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Bhutan — Chendebji Microhydro Project

Technology:
Microhydro power
Key Objectives:
  • To promote rural electrification in the Kingdom of Bhutan, where the eletrification rate remains low.
  • To improve living conditions by reducing indoor smoke from firewood and kerosene use, providing lighting to allow studies and cottage industry activities, such as weaving, after sunset.
  • To provide access to improved education through new electric learning devices, including computers.

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Location:
Chendebji, Bhutan
Status:
Completed in 2005
 
The inhabitants of the remote village of Chendebji, nestled in the Himalayan Kingdom of Bhutan, are now enjoying the benefits of clean, modern electricity generated by a microhydro station built by the Global Sustainable Electricity Partnership (GSEP). The 70 kW run-of-river type facility was inaugurated in August 2005 in the presence of officials from the Bhutan Department of Energy and the National Environment Commission.

 
Despite the ambitious rural electrification plan currently being implemented by the Kingdom of Bhutan, many remote Himalayan villages such as Chendebji will likely not be connected to the national grid for many years to come. Rural electrification initiatives such as this project thus represent the only means for these villagers to improve their standard of living and ensure the sustainable development of their village.
 
The project was carried out in close collaboration with the Bhutan Department of Energy/Ministry of Trade and Industry, the Ministry of Finance and the National Environment Commission.
 
Situated on the Lamchela Chu River, 2,500 metres above sea level in the Trongsa district in the heart of Bhutan, the village of Chendebji consists of some 50 households, a dispensary and a school. During public consultations held in 2003 and 2004, villagers expressed their desire to have access to electricity and explained that they had witnessed the economic development brought about by electrification in other villages in Bhutan. The project aims to promote rural electrification in the Kingdom of Bhutan, where the eletrification rate remains as low as 35%.
 
Access to electricity brings major improvements to the lives of the villagers, including:
  • Lighting to allow studies and cottage industry activities, such as weaving, after sunset;
  • Better health conditions by reducing indoor smoke from firewood and kerosene use;
  • Powering local dispensaries and medical devices;
  • Decreased firewood collection chores, allowing more time for agriculture and other income-generating activities;
  • Access to new electric learning devices, including television and computers, to facilitate education for children and adults.
Construction plans respected the villagers’ traditional land uses for farming and animal husbandry. The powerhouse was built in the traditional Bhutanese style. At the request of the villagers, excess energy produced by the plant will be used to heat water which will be made available, at the powerhouse, to all the village’s families. Finally, additional transmission/distribution lines were added to the original project scope to ensure electrification of several remote houses and a local temple.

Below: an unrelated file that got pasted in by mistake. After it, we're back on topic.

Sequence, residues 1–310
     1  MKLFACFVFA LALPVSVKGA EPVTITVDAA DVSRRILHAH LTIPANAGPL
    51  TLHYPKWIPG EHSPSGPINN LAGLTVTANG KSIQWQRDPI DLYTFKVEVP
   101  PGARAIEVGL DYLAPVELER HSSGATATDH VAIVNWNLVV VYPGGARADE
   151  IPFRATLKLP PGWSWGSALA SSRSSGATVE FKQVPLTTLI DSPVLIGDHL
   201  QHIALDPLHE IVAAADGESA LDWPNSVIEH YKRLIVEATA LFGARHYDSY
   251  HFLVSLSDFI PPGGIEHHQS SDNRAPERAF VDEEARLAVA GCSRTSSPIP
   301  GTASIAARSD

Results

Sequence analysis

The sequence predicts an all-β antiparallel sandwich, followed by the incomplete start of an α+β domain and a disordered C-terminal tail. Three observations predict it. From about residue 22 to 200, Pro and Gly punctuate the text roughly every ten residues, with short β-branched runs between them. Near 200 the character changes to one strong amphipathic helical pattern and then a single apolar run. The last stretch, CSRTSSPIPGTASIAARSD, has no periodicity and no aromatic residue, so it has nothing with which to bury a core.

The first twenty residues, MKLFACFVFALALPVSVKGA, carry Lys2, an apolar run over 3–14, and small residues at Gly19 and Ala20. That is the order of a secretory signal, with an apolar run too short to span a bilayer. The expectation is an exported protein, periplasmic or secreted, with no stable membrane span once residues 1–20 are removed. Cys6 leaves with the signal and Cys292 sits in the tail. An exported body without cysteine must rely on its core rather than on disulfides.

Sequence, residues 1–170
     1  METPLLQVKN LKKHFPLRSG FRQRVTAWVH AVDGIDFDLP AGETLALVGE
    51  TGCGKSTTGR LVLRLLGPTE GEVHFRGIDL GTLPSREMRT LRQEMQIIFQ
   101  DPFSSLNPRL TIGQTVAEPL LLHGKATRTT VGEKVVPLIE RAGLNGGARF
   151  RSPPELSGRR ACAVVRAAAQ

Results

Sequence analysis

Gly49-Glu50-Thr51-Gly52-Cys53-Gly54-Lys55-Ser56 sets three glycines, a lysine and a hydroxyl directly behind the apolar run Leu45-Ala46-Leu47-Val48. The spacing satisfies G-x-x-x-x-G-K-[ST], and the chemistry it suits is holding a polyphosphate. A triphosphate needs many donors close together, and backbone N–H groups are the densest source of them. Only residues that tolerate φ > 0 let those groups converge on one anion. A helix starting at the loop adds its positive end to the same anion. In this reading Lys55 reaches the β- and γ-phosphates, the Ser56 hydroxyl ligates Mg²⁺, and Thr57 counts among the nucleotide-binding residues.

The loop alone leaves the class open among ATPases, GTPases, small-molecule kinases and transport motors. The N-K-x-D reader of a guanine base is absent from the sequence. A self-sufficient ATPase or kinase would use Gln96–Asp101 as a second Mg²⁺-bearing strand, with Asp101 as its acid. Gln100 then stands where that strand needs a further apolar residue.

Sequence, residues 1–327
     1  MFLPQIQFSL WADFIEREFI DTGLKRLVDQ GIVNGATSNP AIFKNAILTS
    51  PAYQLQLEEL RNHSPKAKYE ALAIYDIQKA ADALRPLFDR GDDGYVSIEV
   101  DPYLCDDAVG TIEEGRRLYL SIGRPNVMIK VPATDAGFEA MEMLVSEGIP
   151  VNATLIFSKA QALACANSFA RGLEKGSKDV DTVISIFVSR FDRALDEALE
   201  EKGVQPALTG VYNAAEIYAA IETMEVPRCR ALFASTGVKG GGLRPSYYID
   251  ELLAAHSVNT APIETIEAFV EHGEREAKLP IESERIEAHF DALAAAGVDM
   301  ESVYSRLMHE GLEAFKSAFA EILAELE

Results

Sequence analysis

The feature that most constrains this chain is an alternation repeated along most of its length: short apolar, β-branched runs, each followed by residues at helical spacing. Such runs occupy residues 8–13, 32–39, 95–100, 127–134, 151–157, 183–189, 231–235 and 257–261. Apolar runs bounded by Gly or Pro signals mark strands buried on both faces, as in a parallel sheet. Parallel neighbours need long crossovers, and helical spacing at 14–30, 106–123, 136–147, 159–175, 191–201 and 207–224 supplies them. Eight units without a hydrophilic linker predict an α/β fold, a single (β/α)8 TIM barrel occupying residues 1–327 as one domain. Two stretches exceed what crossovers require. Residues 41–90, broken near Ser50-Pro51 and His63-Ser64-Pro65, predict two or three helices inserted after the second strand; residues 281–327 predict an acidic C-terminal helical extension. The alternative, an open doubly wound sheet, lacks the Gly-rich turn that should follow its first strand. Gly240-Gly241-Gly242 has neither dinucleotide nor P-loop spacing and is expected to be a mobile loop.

Chendebji Power House (with typical Bhutanese architecture) 
 
To further reduce the use of wood for cooking and heating, the Partnership has facilitated the purchase of rice cookers and water boilers for each household in the village and is looking into possibilities for improved cooking and heating stoves and better ventilation at the village school. Not only do these actions have a positive impact particularly on the health of women and children, who spend many hours a day in poorly ventilated houses with open fires, it also frees up time spent gathering wood. This is of particular importance as the village is located on the edge of one of the largest and richest natural conservation areas in Bhutan.
 
A Bhutanese contractor won the international tender for the construction of an intake, a settling basin, an 800-metre penstock, a powerhouse and transmission/distribution lines. Construction began in August 2004 and was completed in August 2005.
 

Left: Mr. Masao Ikoma, Kansai Electric Power Company

 

 

Right: Bhutanese officials
at the inauguration ceremony

 

To date, 50 households in the village have been connected to the Chendebji power station, affording the local community better quality of life. The onset of electricity generation contributed to the development of small enterprises, including a store and a restaurant built near the village, all contributing to the local community’s development.

The Bhutan Microhydro Project was officially registered as a Clean Development Mechanism (CDM) project under the terms of the Kyoto Protocol in May 2005. Not only was this the first CDM-registered project for the Partnership, it was also the first CDM project for Bhutan and the sixth to be registered in the world. The project’s first Certified Emission Reduction credits (CER) were validated in January 2007 and 474 CERs were issued in April 2007. These CERs were shared between the Government of Bhutan and the Partnership.

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